*Signs In The Sun, The Moon and The Stars
Big Asteroid closes in on Earth *
* From: AFP
* November 09, 2011 1:06AM
A BIG asteroid is set to make its closest flyby of Earth in 200 years,
but there is no chance of a crash landing when it zips by our planet,
Astronomers have aimed their telescopes to catch a glimpse of the 2005
YU55 asteroid, which will not be visible to the naked eye, when it makes
its closest approach to Earth at 10.28pm (AEDT) today.
The 400-metre-wide asteroid often travels in the vicinity of the Earth,
Mars and Venus, but "the 2011 encounter with Earth is the closest it has
come for at least the last 200 years", the US space agency said.
Other asteroids of this size pass by Earth more frequently, though the
last such event happened in 1976 and the next will not happen again
until 2028 when as asteroid called 2001 WN5 will skim about halfway
between the Moon and Earth.
This asteroid is expected to pass a bit further away; about 0.85 times
the distance of the Moon to the Earth, or a distance of 325,000 kilometres.
"2005 YU55 is one of the potentially hazardous asteroids that make close
approaches from time to time because their orbits either approach or
intersect the orbit of the Earth," said Robert McMillan, an associate
research scientist at the University of Arizona.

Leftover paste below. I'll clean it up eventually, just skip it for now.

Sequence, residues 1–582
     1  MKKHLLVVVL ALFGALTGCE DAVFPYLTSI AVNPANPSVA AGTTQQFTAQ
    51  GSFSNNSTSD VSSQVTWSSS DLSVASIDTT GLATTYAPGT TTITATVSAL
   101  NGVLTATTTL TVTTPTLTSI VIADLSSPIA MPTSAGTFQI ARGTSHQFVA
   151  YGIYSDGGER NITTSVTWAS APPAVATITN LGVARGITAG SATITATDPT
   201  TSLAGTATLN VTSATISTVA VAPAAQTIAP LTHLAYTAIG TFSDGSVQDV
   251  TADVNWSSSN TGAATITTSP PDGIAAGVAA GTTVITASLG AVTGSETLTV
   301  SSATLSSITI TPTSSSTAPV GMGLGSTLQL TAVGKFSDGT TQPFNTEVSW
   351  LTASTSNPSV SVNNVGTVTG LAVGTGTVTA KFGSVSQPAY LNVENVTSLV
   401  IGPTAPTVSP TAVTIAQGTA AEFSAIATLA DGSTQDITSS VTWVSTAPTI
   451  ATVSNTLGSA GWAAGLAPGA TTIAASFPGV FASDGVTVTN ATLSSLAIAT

McMillan discovered the asteroid in 2005 as part of the university's
Spacewatch Project, a solar-system-scanning group of scientists near
However, astronomers know from analysing the trajectory of the asteroid
that it will not hit Earth this time.
The asteroid's next closest pass is set to take place in 2094, at a
distance of 269,000 kilometres, according to forecasts.
"The observations will give us a piece of the puzzle, one we don't get
many chances to see," said Don Yeomans of NASA's Jet Propulsion Laboratory.
"At one time, we thought these were the asteroids that delivered carbon
and other elements to the early Earth, so they are pretty important."
NASA said radar observations from the Arecibo Planetary Radar Facility
in Puerto Rico have already begun as the asteroid closes in on its approach.
While the charcoal-coloured, circular asteroid's visit has scientists
excited for the chance to get a closer look, most Earthlings probably
will not notice a thing.
"The gravitational influence of the asteroid will have no detectable
effect on Earth, including tides and tectonic plates," NASA said.